“Be formless, shapeless, like water.” – Bruce Lee
I was on a pitch video call the other day when the founder asked me what the guiding principle for product was at Blue Apron when I was leading the team there, and my response was that consumer product experience should be like water. At a first glance, that could sound pretty counterintuitive – isn’t the point of a product team to purposefully design and build?
In my opinion, the purpose of a software product (and by extension the product management team) is to harness technology to meet user needs and drive business goals. Explicit user needs are the easiest part of this – e.g. users need to be able to check out using PayPal, so lets build PayPal integration into the checkout funnel. Implicit user needs are harder to discern but many are observable via data or user research – e.g. given the high funnel drop-off rate, users might want to see pricing information upfront. However, just by building to fulfill the obvious user needs usually does not create a great product experience that can really move the needle on business outcomes – this is where being like water comes in.
One of the key challenges for product teams is that consumers usually do not think about the product or service being offered as the software itself – for Blue Apron it’s the food, for Uber it’s the car ride, and for Instagram it’s “fun mindless entertainment”. From the user’s point of view, the software experience is just “the app” they use to change their recipe selection or order a ride. To have a shot at influencing behaviors beyond the clear objective they have, the product experience needs to be like water – ever-present in the consumer’s user journey, while nudging towards the desired direction and action in a subtle and non-intrusive way.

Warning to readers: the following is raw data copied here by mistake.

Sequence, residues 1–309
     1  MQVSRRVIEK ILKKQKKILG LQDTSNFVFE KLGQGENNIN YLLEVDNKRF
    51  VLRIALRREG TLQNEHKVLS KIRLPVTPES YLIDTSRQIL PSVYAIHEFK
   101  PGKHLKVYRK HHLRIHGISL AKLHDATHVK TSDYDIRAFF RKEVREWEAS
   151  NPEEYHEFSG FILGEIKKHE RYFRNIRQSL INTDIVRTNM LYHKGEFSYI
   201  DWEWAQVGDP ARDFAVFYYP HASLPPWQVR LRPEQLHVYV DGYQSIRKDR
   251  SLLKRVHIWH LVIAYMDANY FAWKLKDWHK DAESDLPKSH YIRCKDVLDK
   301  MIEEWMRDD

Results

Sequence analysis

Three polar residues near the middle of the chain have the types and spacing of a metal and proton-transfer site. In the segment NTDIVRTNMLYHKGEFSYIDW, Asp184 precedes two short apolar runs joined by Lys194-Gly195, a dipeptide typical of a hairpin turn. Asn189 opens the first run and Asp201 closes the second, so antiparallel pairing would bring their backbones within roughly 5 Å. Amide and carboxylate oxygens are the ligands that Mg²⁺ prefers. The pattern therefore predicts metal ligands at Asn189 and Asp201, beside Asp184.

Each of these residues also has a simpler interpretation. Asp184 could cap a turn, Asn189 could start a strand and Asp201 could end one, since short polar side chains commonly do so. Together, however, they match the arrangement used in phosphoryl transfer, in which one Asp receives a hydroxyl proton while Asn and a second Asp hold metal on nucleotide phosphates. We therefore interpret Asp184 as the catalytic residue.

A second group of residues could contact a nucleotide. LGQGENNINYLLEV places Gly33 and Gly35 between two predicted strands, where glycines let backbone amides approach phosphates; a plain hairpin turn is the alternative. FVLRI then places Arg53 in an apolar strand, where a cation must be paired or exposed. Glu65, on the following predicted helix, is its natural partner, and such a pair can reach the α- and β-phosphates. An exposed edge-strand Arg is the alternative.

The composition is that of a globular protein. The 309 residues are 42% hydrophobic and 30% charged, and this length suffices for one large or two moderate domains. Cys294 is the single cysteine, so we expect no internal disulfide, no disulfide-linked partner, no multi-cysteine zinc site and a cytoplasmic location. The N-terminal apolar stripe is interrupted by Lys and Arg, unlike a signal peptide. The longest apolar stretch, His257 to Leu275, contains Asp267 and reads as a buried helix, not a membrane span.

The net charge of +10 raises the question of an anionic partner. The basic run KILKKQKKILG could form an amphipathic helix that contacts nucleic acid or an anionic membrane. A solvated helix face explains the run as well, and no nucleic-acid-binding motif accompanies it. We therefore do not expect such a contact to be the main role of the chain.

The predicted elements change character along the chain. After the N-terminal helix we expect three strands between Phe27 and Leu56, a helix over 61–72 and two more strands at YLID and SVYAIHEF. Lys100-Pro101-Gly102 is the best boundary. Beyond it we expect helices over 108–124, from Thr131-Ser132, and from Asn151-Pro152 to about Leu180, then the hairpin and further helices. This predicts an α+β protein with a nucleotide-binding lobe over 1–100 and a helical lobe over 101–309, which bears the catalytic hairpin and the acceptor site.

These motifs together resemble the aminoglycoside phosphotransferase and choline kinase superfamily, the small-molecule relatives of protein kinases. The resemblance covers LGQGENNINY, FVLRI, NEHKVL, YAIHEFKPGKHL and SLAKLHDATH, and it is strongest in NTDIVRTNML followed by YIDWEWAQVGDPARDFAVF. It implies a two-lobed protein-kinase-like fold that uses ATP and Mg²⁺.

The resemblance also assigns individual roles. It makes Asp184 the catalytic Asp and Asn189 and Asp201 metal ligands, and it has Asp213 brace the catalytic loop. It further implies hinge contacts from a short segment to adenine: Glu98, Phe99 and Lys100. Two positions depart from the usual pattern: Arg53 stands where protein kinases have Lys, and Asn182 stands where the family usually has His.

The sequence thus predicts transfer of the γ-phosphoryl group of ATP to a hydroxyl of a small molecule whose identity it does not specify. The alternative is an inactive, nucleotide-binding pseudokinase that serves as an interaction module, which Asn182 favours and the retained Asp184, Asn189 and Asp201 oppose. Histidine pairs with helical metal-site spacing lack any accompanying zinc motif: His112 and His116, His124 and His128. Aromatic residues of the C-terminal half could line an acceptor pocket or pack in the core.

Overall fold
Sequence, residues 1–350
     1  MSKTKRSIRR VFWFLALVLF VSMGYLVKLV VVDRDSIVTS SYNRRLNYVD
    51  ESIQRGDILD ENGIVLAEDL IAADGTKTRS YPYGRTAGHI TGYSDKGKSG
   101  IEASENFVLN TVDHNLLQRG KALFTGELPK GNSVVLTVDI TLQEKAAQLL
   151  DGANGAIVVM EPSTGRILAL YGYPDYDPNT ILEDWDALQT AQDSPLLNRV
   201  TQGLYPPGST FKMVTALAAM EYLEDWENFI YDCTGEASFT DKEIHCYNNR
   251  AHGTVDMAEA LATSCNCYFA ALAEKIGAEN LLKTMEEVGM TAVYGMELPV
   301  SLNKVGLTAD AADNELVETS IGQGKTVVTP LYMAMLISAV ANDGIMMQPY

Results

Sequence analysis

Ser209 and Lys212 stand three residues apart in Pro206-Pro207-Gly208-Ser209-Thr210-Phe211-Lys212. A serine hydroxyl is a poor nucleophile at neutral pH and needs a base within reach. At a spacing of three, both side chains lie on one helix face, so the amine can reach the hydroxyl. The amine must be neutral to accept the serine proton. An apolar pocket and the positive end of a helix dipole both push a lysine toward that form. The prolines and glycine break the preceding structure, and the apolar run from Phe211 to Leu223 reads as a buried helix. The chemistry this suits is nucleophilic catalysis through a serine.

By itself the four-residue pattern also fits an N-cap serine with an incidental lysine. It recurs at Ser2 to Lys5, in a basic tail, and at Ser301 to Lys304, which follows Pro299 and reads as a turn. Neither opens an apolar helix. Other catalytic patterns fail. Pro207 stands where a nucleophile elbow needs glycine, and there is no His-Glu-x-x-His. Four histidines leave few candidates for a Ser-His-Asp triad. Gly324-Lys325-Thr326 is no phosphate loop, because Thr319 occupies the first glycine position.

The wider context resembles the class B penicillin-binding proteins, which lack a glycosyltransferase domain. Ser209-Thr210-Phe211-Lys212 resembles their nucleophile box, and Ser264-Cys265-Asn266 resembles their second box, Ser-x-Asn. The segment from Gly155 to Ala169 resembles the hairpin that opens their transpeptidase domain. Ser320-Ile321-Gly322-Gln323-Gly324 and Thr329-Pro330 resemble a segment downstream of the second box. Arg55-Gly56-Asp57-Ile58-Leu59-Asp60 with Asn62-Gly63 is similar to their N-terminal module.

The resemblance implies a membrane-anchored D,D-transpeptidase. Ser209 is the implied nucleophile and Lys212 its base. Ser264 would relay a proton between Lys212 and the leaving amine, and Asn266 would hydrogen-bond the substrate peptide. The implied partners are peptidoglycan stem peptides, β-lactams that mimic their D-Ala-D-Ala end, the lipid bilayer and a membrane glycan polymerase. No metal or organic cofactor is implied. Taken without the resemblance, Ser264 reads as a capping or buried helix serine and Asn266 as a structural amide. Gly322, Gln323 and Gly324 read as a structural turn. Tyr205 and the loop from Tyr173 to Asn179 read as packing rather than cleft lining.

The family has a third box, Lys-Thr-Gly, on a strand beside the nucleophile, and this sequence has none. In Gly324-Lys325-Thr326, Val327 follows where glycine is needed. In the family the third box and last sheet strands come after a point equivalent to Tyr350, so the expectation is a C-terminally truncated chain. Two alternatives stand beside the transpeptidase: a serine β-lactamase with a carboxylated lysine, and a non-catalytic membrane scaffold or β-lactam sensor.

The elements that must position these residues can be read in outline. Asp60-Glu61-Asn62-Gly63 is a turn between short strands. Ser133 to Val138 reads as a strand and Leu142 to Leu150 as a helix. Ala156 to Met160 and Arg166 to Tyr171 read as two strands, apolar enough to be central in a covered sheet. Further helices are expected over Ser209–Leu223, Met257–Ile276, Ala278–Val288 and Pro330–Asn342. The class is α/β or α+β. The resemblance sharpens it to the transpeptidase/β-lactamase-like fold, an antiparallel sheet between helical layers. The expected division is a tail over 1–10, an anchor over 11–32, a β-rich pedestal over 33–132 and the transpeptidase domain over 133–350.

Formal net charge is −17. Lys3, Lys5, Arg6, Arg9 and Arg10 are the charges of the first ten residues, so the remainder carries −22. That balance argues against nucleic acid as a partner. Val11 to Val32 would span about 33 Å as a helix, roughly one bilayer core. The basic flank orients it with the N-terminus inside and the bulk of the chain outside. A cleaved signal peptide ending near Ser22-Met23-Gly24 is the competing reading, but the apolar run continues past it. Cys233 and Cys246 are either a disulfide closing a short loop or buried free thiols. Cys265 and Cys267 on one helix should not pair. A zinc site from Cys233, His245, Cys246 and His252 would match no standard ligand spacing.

Be ever-present like water
“Be like water” is a powerful analogy and goal to keep in mind because it makes you think harder about how to surround your users with the product experience along the user journey, filling out the white space with every tiny drop. This is most easily achievable on the main product canvas, such as your mobile or web app when the user is drawn there for an explicit user need.
The less obvious (and harder) challenge is how to extend your presence beyond the primary product canvas. There are two ways to think about this. One strategy is to hone in on the offline parts of the user journey and figure out if any of those are worth bringing online – can you deliver more value to users by addressing such steps digitally? The other strategy is to look for tools other than your main product canvas that are at your disposal – email, push notification, SMS, browser extension, and even physical canvases that are otherwise non-obvious (think the Amazon branded packing tapes). Every single touchpoint reinforces one another and presents an opportunity to engage and influence.
Be subtle like water
The aggressive, in-your-face design works when you’re sure this is what the user wants to do anyway, and you’re just helping them navigate effectively. To effectively nudge the user into actions and behaviors that were previously not top-of-mind for them, you want to design the digital experience to be subtle. Nudging the user in a gentle way without being disruptive to the primary action that drew them in in the first place. The objective here is to extend the reach of your product canvas – while the user is here for A, can you shape the product experience to guide users towards B or C?
When Instagram first introduced Stories, they placed the story bubbles on top upon first opening the app, but if the user decides to scroll through the Feed (which was the primary intention of most users) the row of bubbles would disappear and only resurface after they had the opportunity to consume the Feed first. This seems like a small design decision, but it strikes the right balance between the business objective (Story consumption) and the user’s desire (Feed consumption).
When you’re building a consumer product, it is easy to get fixated by the existing product canvas you have to work with and get bogged down by details. Thinking about how your product experience can be more like water can help free your mind and open new possibilities.